Science2.0 - November 17, 2014 - 3:57pm

Researchers have taught a computer program the outline of how a magic jigsaw puzzle and a mind reading card trick work, as well the results of experiments into how humans understand magic tricks, and it created completely new variants on those tricks which can be delivered by a magician.

The magic tricks created were of the type that use mathematical techniques rather than sleight of hand. The tricks proved popular with audiences and the magic puzzle was put on sale in a London magic shop. The card trick is available as an app called Phoney in the Google Play Store.


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The Evolutionary Constraints Of Fish Skulls

Science2.0 - November 17, 2014 - 3:48pm

Most people think that biting is the way that aquatic creatures capture prey. Not so, instead suction is far more common.

That is why the diversity of skull shapes in biters is so much greater, according to a new study. Suction feeding limits skulls shapes because of the structural requirements for suction feeding. 

"When you look at the skulls of biters, the diversity is astounding compared to suction feeders," said Rita Mehta, assistant professor of ecology and evolutionary biology at U.C. Santa Cruz. 


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Quantum Whirlpool Stirred By Spiral Laser Beam

Science2.0 - November 17, 2014 - 3:27pm

A whirlpool of hybrid light-matter particles called polaritons has been created using a spiral laser beam.

Polaritons are hybrid particles that have properties of both matter and light. The ability to control polariton flows in this way could aid the development of completely novel technology to link conventional electronics with new laser and fibre-based technologies.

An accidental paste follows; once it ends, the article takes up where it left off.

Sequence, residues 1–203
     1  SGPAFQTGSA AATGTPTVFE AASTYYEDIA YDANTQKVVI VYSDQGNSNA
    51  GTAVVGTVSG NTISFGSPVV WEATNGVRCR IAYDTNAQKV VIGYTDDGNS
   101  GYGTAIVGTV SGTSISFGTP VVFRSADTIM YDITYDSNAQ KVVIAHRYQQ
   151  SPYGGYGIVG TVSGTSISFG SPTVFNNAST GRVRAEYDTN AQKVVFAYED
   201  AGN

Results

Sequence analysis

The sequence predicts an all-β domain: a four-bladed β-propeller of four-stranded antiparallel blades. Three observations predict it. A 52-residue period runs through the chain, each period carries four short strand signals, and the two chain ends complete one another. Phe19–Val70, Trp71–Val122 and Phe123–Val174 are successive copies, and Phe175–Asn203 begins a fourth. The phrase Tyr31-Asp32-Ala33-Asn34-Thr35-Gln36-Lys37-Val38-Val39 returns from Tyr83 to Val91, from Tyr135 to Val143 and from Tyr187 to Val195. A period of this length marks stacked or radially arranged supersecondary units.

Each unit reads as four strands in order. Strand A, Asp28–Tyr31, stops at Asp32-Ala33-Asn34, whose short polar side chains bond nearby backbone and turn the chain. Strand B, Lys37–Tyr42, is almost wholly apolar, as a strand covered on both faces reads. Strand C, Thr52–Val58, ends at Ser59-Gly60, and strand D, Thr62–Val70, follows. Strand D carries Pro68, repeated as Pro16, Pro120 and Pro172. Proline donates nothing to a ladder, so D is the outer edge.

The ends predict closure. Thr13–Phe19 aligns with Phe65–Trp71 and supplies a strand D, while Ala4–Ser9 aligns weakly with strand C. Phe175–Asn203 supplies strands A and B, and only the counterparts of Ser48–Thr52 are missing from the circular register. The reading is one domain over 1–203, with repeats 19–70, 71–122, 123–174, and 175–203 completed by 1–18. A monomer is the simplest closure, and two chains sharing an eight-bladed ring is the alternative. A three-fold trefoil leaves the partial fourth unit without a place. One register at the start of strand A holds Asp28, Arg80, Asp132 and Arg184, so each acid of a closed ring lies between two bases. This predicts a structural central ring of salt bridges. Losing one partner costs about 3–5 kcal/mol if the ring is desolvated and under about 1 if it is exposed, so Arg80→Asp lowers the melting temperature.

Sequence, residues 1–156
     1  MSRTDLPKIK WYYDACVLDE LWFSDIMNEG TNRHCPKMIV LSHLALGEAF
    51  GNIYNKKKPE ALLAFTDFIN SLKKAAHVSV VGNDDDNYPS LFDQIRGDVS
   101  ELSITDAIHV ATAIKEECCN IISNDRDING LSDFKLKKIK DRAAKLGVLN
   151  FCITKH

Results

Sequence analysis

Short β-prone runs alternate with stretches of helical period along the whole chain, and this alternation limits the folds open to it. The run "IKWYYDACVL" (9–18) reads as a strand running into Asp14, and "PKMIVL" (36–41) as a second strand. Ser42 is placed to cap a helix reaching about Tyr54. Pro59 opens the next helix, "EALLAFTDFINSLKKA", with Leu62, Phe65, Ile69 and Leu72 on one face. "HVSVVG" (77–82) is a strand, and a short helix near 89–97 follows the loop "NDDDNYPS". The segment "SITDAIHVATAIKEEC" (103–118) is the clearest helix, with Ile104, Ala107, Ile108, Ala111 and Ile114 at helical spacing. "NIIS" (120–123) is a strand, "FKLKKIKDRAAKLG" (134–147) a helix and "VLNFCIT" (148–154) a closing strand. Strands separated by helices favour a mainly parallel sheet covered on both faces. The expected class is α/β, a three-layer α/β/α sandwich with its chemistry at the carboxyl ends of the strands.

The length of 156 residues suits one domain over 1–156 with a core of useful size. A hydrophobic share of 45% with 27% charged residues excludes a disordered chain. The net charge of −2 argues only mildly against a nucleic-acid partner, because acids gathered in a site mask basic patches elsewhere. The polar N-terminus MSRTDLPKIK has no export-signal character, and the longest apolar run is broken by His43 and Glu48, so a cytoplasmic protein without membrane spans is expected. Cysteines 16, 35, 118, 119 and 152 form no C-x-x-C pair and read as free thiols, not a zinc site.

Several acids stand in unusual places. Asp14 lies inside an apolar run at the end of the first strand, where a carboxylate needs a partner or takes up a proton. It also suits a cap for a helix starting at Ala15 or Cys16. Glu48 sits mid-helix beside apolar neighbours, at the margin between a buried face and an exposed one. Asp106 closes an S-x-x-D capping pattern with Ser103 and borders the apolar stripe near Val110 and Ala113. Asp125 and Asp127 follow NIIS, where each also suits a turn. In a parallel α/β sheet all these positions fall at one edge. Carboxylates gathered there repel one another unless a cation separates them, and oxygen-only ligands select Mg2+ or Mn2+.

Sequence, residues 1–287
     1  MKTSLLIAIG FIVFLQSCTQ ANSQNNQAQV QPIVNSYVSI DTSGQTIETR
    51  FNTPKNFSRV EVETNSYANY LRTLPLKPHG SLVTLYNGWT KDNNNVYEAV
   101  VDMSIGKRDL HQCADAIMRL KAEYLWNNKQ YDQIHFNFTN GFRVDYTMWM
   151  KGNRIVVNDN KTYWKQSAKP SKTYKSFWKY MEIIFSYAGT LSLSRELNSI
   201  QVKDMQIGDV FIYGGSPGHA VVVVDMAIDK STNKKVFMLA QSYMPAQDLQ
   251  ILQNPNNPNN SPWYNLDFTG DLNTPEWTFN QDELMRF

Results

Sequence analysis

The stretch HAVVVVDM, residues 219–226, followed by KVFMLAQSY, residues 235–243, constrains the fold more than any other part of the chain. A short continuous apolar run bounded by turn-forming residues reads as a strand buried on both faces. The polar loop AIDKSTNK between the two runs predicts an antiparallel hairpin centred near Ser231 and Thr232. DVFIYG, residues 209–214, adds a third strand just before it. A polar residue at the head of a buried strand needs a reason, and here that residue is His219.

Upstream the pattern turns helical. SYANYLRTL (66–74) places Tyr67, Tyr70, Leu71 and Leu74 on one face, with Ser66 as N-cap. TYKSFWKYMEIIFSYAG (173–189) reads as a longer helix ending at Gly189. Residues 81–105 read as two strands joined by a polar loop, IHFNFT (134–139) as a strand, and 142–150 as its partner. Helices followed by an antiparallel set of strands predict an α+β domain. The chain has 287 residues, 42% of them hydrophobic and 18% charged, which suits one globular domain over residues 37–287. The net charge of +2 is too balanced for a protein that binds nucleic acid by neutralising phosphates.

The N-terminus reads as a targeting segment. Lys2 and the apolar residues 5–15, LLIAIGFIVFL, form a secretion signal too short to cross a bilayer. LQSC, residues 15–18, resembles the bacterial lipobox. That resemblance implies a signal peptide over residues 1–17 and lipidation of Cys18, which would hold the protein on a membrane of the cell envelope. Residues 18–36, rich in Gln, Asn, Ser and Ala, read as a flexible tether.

Polaritons form in semiconductors when laser light interacts with electrons and holes (positively charged vacancies) so strongly that it is no longer possible to distinguish light from matter.


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Emergency Room Visits For Irregular Heartbeat Up, Deaths Have Gone Down

Science2.0 - November 17, 2014 - 12:13am

A generation ago, there were awareness campaigns to tell people with an irregular heartbeats to go to the emergency room to prevent possible heart attacks.

It worked. People now go to the emergency room as they have been told but with the gradual government takeover of health care there is sudden concern about the costs of these visits. Atrial fibrillation is the most common kind of arrhythmia or irregular heartbeat and can lead to blood clots, stroke, heart failure and other heart-related complications. 

At the American Heart Association's Scientific Sessions 2014, researchers analyzed patients from the Nationwide Emergency Department Data who visited the emergency department with AF listed as the first diagnosis in 2006-11. They found:


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Death Rate From Heart Disease Declines 4 Percent Since 2000

Science2.0 - November 16, 2014 - 9:00pm

Since the year 2000, mortality rates for heart disease declined by almost 4 percent even as higher blood pressure and obesity role, according to a new paper in JAMA.

Matthew D. Ritchey, D.P.T., of the Centers for Disease Control and Prevention (CDC), Atlanta, and colleagues examined the contributions of heart disease subtypes, such as coronary HD (CHD) mortality, to overall heart disease (HD) mortality trends during 2000-2010. 


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Beta-Blockers For Some Heart Failure Linked With Improved Survival

Science2.0 - November 16, 2014 - 8:27pm

Up to 50 percent of patients with heart failure have normal or near-normal ejection fraction, termed heart failure with preserved ejection fraction (HFPEF).

The risk of death in HFPEF may be as high as in heart failure with reduced ejection fraction (HFREF), but there is no proven therapy.

Beta-blockers improve outcomes in HFREF and may be beneficial in HFPEF, but data are sparse and inconclusive, and beta-blockers are currently not indicated for treating HFPEF, according to background information in the article.